Lack of details from the Obama administration on a drawdown of troops raises concerns from legislators on both sides of the aisle.
Withdrawal deadline stirs debate in US
WASHINGTON // Barack Obama's promise to begin withdrawing US forces from Afghanistan by the summer of 2011 has ignited fierce debate on Capitol Hill and is likely to continue to do so as the US war effort escalates.
Many Republicans have attacked the time frame as "arbitrary", saying that any future withdrawal should be based purely on conditions on the ground. Democrats, meanwhile, have questioned whether Mr Obama is fully committed to the withdrawal "timeline" or what might happen if conditions do not improve over the next 18 months. Top administration officials - Robert Gates, the defence secretary, Adm Michael Mullen, the chairman of the Joint Chiefs of Staff, and Hillary Clinton, the secretary of state - appeared in the first of a series of hearings on Capitol Hill this week to defend Mr Obama's war plan.
Much to the chagrin of legislators, they provided few specifics about the exit strategy, such as how quickly US forces might leave or how long any such drawdown might take. Mr Gates described the drawdown as a "gradual process of thinning and reducing US forces", that will begin in July 2011, a date first mentioned by Mr Obama in his speech on Tuesday. He added that the administration plans to engage in a "thorough" review of the war effort in December 2010.
Adm Mullen said that by July 2011 officials expect to know "whether we are going to succeed here or not". He stressed that this is "not a date that we're leaving". Many analysts believe that Mr Obama's decision to set a timeline is, in part, a political calculation to sell the revised strategy to a war-weary American public and liberal legislators who criticised George W Bush for lacking an endgame in Iraq and Afghanistan.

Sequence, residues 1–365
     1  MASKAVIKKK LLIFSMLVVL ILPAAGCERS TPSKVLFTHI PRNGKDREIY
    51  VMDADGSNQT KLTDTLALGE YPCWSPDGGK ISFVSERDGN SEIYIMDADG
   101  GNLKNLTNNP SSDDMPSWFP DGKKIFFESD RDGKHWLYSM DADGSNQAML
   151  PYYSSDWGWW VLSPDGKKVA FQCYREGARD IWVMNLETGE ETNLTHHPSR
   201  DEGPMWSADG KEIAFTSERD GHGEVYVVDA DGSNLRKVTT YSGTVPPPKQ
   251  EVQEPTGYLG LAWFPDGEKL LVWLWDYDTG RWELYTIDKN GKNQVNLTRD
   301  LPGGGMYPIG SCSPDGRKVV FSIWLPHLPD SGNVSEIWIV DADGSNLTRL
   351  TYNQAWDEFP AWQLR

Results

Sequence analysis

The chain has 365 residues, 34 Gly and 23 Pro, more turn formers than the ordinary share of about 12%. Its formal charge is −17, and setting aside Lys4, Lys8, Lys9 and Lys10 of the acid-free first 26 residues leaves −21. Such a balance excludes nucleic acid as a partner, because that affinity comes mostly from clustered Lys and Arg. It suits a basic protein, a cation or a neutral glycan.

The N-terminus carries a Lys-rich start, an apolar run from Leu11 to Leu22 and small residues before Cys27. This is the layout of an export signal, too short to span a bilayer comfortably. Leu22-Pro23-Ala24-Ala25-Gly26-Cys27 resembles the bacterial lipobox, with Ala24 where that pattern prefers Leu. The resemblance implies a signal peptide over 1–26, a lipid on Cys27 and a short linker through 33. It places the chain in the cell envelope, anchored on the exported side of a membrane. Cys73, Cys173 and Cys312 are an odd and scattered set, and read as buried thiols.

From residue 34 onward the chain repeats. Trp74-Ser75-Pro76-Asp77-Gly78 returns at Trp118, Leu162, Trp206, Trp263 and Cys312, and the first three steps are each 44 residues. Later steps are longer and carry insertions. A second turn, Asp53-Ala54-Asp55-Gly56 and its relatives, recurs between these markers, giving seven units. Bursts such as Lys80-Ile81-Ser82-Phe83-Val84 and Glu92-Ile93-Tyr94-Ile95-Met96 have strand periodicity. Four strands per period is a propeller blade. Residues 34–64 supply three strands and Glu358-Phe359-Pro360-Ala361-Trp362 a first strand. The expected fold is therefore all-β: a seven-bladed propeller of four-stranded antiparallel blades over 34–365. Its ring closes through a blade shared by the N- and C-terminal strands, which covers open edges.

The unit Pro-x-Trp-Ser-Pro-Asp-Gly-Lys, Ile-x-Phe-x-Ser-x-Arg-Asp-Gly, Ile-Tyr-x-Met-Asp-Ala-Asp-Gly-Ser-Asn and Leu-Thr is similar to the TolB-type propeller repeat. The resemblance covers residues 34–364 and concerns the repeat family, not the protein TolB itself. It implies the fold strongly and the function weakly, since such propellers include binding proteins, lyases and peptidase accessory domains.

But, for now, the lack of specifics has irked legislators on both sides of the aisle and only raised more questions. John McCain, the Arizona senator and former Republican presidential candidate, said imposing an advance timeline for the US commitment "makes no sense". "I think that's the wrong impression to give our friends. It's the wrong impression to give our enemies," he said on Wednesday during a Senate armed services committee hearing, adding that the exit strategy has "not been made clear at all".
Among the concerns voiced by Mr McCain and other Republicans is that setting a timeline will allow the Taliban and al Qa'eda to lay low and wait for US forces to leave the country, only to re-emerge once US troops return home. Mr Gates responded to that concern in his testimony, saying he would "welcome" a decision by the Taliban to stand down for the next 18 months because it would create space for the United States and its allies to "build capacity".
Eliot Engel, a New York congressman, echoed many of his Democratic colleagues' concerns on Wednesday when he told the administration officials during a House foreign affairs committee hearing that, despite Mr Obama's assurances, he fears US troops will be "bogged down in an endless war". "What happens if this doesn't work?" he asked. "Do we leave in three years as the president stated or do we stay longer?"
Many legislators also have sought assurances that Mr Obama will not suddenly change his mind on the troop withdrawal timeline and decide to keep troops in Afghanistan longer. Administration officials, however, have not been able to provide them. "I think the president, as commander in chief, always has the option to adjust his decisions," said Mr Gates, who called Mr Obama's promise to scale down the war in 18 months a sign of the president's "strong intent".
"I do not believe we have locked ourselves into leaving," added Mrs Clinton. "What we have done - is to signal very clearly to all audiences that the United States is not interested in occupying Afghanistan." email@example.com